the Albany Police, as well asdistrust
between the University and the
Police.
On Nov. I 1973, Alton Smith was
charged with 7 counts of felonies,
following a violent altercation with
two police officers, and the accidental shooting of a bystander. The indictments were for 1st and 2nd
degree assault and reckless endangerment.
Smith, a black Albany State undergraduate art major, had wounded
another Stale student, Michael
Greggo, during the incident. Greggo
was not seriously wounded in the
shooting.
Only two facts about the Nov. I
incident are agreed upon by Smith
and the Police. One is that it took
place on Delaware Ave., near the
Alton Smith will appsal hit telony conviction sometime In December. Delaware Movie Theatre, a little
before 10 I*. M, Secondly, both sides
concur that Smith was near his car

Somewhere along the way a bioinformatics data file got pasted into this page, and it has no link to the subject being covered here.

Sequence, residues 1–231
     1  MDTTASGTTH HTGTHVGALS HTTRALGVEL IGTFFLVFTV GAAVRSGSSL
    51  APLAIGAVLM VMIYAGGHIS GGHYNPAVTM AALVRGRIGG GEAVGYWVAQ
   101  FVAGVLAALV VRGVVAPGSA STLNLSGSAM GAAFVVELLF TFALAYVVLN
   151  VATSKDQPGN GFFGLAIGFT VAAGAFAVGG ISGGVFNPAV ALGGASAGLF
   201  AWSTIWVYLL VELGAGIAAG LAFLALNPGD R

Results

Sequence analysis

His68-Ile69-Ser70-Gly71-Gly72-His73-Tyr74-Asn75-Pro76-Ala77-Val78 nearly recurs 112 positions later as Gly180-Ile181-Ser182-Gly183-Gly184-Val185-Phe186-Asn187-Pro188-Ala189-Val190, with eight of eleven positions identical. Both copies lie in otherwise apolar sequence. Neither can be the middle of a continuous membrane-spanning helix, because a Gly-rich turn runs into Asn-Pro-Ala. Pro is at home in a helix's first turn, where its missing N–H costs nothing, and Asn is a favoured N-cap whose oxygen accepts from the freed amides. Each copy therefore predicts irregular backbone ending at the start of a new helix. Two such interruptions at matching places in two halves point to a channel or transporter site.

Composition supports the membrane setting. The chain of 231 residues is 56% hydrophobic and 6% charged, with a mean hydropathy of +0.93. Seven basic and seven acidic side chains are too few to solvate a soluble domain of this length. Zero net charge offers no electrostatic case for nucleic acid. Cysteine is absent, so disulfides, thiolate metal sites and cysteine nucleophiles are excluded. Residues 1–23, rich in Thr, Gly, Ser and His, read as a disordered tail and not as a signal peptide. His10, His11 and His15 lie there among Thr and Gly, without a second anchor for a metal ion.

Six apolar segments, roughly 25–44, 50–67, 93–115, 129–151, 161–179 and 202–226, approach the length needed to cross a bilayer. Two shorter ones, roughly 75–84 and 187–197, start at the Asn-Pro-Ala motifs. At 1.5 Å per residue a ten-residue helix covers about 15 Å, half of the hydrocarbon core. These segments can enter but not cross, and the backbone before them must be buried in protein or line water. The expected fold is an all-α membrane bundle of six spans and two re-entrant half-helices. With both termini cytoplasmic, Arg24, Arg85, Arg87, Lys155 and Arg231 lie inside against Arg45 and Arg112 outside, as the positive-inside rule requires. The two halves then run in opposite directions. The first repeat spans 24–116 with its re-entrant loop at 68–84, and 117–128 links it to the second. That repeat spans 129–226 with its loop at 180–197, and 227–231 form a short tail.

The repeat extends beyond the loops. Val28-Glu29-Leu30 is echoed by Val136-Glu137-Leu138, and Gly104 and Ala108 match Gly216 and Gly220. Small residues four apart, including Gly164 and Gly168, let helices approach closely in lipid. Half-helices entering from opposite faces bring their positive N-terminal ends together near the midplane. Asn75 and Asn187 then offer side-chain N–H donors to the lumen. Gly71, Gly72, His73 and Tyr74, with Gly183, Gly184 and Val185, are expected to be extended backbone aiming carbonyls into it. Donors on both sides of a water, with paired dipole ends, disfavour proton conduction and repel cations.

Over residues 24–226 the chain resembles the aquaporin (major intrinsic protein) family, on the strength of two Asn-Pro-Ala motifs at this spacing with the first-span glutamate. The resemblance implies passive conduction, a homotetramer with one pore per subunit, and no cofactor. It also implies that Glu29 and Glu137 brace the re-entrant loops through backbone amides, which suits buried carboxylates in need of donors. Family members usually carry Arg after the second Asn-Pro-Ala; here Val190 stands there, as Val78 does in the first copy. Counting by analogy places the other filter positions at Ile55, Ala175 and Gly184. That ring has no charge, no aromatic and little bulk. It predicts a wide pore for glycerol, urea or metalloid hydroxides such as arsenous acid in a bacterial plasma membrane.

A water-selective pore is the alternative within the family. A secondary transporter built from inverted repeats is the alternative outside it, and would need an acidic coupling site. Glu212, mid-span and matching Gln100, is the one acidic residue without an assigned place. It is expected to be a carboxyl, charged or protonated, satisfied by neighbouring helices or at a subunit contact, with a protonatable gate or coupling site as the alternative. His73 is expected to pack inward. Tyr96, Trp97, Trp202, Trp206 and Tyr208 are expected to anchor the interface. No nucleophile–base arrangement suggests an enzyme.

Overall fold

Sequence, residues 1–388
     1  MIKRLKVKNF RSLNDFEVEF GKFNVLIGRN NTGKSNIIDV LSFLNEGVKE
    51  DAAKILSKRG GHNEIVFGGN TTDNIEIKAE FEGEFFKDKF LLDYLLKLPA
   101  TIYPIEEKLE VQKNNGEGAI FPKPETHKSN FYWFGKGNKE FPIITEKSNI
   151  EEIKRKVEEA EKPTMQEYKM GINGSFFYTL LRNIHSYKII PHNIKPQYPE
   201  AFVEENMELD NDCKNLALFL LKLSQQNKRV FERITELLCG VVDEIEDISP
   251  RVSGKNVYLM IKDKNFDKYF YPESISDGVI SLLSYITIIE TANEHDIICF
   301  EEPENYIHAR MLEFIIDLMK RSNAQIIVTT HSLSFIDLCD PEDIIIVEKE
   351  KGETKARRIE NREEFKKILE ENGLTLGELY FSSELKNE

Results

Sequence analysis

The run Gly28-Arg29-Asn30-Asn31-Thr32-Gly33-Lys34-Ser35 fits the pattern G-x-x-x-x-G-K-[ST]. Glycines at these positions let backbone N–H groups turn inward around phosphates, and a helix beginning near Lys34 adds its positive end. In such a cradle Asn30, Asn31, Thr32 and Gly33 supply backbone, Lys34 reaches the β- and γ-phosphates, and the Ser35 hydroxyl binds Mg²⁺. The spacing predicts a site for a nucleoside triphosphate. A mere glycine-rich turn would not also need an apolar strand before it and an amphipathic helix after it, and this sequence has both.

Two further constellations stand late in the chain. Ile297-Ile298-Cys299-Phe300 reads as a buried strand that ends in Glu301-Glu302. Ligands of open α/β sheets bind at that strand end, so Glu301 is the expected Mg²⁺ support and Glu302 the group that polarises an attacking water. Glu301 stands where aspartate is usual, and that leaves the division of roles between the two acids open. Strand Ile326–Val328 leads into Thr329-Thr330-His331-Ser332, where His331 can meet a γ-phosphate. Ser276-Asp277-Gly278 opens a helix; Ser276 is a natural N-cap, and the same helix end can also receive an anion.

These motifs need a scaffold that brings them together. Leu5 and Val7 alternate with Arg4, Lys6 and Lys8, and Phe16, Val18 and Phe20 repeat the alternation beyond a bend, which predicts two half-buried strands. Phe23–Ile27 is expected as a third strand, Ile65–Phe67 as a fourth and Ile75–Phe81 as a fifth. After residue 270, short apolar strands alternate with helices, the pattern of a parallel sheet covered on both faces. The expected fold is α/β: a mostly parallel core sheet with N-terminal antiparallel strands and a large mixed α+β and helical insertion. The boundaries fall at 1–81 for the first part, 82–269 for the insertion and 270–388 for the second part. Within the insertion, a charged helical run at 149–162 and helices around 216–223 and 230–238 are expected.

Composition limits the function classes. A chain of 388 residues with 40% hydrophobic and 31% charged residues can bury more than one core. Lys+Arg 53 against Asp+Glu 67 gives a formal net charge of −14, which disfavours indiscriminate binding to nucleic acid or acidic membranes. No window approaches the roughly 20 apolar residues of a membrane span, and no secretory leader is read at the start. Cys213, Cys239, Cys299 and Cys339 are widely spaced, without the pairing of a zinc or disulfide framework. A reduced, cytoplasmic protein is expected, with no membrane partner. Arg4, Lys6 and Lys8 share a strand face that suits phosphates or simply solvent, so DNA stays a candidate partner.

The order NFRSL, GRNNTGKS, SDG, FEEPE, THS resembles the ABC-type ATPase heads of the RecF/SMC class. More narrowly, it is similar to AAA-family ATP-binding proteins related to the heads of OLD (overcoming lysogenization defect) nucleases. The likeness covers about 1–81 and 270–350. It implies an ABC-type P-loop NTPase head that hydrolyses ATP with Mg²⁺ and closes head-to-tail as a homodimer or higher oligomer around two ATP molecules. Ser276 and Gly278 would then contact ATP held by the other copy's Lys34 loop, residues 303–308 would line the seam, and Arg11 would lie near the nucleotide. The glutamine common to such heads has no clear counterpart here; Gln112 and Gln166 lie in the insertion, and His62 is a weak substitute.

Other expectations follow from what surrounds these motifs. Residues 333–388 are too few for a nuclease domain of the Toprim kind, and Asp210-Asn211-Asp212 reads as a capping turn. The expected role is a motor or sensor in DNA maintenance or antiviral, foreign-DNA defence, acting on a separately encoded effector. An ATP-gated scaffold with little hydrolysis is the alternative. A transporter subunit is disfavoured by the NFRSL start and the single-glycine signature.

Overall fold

SA Lists Invalidated Elections;
Some Council And Senate Totals In
by Nancy Albauijli
Lasl Wednesday night, Council
1)01 entirely her fault. "We .needed
file results of several Student
somebody, and she said she'd help repealed an election law that had
Association elections are now of- out." Hirnbauni added, "We all been passed by lasl year's Council.
ficial; the rest of the elections were
Hirnbauni alleges dial before the law
should have educated her more."
invalidated by SA President Put
I.inda Weinslock in response to was scratched from Ihe hooks, it was
Currun.
recent charges of "incompetence" violated several times. According lo
elected
From Indian Quad, Maureen
siiid, "I can't see any justification of the law. candidates lor
DcMalo won a seat on Central
it for me. I was under the impression SA positions must attend a meeting
Council. Roberta llarwitl won the
that I would be helped." She further lo brief litem for their responState Quad Council scat, and (he qualified her statements by saying, sibilities if elected. This meeting is
two Colonial seats went to Arthur
"One person having all that respon- supposed to he held one week before
l.evine and Linda Shore.
sibility is ridiculous - lhal is, unless the election. Hut Ihe meeting for
file results of the Council for the that is the only thing they're involved these recent elections was held two